(I really don’t have too much to say on this car. It’s a solid entry, even if the livery is just a few stripes. I really like the feel that the design has, and all the engineering is pretty reasonable, except for the gears again being spaced out a bit too much. It makes more sense with this car because of the small power plant, at least. The turbo curve is pretty harsh, but pushing 350 HP from a 1.3L Boxer 4 is really impressive. It cuts reliability pretty tight though. The suspension setup seems pretty brutal on the driver, and reduces your drivability to a big fat zero. The one thing besides just polishing details that I would say about the car, is that the rear is overdesigned. There’s too much going on with different angles and directions, and nothing much is gained.)
The crew heads over to the next car in the line up, an entry into the growing H4 category, the Morton Gambol TA. The three drivers are all standing by the hood, just chatting about the car and their experiences on the ‘Ring.
“Right, so, this machine as far as I understand it, competed in Trans Am in the late 80’s. The livery is definitely appropriate for Trans Am, but here, surrounded by VLN cars… I dunno. It doesn’t really fit in. I do really like the looks of it, you have to appreciate that chiseled look to it. It’s that right amount of muscular design while still looking refined. Huh, if we come down here again though, I think you’ll pick this up… Yeah, looks like the same thing as the Yorvik from earlier. Maybe not positive camber, but they’re really not running that much of an aggressive setup on this car. A bit surprising considering the setups we’ve seen on Trans Am cars in the past. They really didn’t look that pacey in practice the other day, and the drivers were all talking to various news outlets saying they don’t really know why they’re that off the pace. It does look like a good car to drive though, plenty efficient and light on tires. I think we’ll be watching this thing do some pretty aggressive long stints when the race gets underway.”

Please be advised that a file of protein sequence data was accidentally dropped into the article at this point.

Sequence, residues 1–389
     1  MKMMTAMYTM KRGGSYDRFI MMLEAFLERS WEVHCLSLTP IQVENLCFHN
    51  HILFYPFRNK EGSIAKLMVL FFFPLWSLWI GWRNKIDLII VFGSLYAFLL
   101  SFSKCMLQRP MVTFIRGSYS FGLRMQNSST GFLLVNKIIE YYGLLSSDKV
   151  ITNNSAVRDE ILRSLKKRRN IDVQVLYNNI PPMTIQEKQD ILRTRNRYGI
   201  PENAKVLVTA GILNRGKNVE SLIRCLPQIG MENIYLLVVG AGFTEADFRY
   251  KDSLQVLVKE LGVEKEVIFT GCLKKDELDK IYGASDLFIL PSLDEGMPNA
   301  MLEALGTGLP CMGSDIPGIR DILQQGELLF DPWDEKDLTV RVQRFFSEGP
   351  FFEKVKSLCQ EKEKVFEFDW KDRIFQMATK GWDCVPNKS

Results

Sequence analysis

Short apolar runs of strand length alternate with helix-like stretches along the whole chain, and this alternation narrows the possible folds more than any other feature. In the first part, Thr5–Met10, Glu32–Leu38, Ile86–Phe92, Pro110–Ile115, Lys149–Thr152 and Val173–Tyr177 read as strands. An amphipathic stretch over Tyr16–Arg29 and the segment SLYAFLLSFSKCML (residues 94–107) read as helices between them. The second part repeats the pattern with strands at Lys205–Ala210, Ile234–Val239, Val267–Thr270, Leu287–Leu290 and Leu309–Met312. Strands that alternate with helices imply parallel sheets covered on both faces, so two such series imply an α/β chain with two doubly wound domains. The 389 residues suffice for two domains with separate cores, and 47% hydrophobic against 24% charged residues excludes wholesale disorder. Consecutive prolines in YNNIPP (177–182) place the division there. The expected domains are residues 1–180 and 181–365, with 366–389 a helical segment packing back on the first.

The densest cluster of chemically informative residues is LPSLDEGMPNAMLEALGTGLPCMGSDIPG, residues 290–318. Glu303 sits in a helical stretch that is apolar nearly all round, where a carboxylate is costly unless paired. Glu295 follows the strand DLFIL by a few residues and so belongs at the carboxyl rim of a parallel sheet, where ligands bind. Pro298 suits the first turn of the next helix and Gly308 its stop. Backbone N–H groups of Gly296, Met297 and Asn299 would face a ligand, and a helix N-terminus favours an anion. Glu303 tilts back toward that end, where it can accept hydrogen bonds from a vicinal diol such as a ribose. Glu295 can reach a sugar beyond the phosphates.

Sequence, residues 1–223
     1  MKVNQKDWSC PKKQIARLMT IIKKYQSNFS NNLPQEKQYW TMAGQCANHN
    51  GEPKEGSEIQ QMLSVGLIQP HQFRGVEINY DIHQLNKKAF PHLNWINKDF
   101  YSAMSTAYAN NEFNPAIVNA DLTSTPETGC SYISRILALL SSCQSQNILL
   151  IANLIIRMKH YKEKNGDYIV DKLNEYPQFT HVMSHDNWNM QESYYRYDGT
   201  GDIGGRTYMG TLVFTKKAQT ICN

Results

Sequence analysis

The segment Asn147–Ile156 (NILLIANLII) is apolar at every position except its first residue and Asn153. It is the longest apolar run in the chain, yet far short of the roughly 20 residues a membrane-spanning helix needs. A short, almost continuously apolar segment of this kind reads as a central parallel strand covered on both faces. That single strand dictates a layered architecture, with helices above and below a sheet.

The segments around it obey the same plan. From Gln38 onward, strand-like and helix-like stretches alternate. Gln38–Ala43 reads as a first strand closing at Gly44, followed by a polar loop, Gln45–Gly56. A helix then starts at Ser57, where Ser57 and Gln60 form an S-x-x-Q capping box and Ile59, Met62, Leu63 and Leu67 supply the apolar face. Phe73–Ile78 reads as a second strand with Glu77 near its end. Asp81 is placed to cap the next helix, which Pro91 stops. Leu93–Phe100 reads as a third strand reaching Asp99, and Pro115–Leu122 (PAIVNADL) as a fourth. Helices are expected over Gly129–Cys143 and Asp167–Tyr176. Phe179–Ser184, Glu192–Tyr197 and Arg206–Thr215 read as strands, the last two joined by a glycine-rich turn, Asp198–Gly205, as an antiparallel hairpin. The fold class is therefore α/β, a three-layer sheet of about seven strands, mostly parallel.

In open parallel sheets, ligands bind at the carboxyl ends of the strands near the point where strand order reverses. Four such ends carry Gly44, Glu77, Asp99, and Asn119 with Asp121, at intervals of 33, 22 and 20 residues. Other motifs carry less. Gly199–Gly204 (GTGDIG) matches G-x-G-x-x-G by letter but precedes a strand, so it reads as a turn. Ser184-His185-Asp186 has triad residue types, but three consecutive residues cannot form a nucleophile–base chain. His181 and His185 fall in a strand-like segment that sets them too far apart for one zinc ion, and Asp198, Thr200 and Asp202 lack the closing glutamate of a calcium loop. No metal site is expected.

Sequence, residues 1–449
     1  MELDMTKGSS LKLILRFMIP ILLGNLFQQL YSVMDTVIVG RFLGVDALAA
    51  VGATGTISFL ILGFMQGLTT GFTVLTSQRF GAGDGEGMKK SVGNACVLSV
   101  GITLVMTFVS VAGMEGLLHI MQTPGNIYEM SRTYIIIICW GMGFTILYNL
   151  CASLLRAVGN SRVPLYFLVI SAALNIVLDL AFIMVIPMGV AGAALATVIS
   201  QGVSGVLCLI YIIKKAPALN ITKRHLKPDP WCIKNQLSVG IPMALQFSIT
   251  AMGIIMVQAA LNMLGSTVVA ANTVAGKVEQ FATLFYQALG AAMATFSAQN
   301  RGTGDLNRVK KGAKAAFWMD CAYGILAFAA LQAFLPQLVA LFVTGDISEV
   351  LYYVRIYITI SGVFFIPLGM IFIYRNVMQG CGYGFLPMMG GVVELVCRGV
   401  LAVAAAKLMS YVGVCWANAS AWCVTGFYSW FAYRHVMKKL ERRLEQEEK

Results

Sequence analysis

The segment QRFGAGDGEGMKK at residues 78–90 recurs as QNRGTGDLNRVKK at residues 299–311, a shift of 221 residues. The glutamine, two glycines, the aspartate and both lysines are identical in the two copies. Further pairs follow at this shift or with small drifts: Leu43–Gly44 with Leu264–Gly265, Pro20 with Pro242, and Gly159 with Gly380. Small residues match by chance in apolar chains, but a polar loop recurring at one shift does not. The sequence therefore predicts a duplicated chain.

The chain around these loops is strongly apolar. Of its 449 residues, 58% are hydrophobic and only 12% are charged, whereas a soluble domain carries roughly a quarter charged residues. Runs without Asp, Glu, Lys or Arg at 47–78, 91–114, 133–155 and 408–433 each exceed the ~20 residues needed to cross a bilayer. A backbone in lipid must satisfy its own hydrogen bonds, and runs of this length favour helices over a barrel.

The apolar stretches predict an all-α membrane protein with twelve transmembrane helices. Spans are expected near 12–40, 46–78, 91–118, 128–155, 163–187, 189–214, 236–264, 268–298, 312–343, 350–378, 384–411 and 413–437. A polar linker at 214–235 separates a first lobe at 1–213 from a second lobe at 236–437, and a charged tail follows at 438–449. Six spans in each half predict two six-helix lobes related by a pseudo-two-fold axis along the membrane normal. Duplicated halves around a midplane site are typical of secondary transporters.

(Very solid entry, I was struggling to look through and decide which car would have to take this last slot before the halfway split in the gridwalk. It mostly comes down to how the car isn’t really that well themed for the VLN, it just has racing stickers on it. There’s a lot with this car that is very nice visually, a lot of the edges and corners are handled really well, there’s some really good shaping going on with lips, and I love the way you integrated the diffuser. It works really well with the rest of the back end. The engine and the body are reliable, the only thing really holding you back is the meager suspension setup. At the very least, you could run more than 0 camber on the rear. I had to double check your car when I saw this, to make sure you weren’t running a solid rear axle. There’s so much good I have to say with this car aside from that, which should give you some indication of just how strong the final 13 are going to be.)
Artie looks up at the sun and then at the rest of the grid, wiping some sweat from his forehead.
“Man, it is… Not comfortable out here. Let’s cut for a bit, find a drink to cool down with or something, huh? Then we’ll look at some more cars on the grid. We still have a bit before they start.”
The camera cuts as the crew goes to relax for a little bit.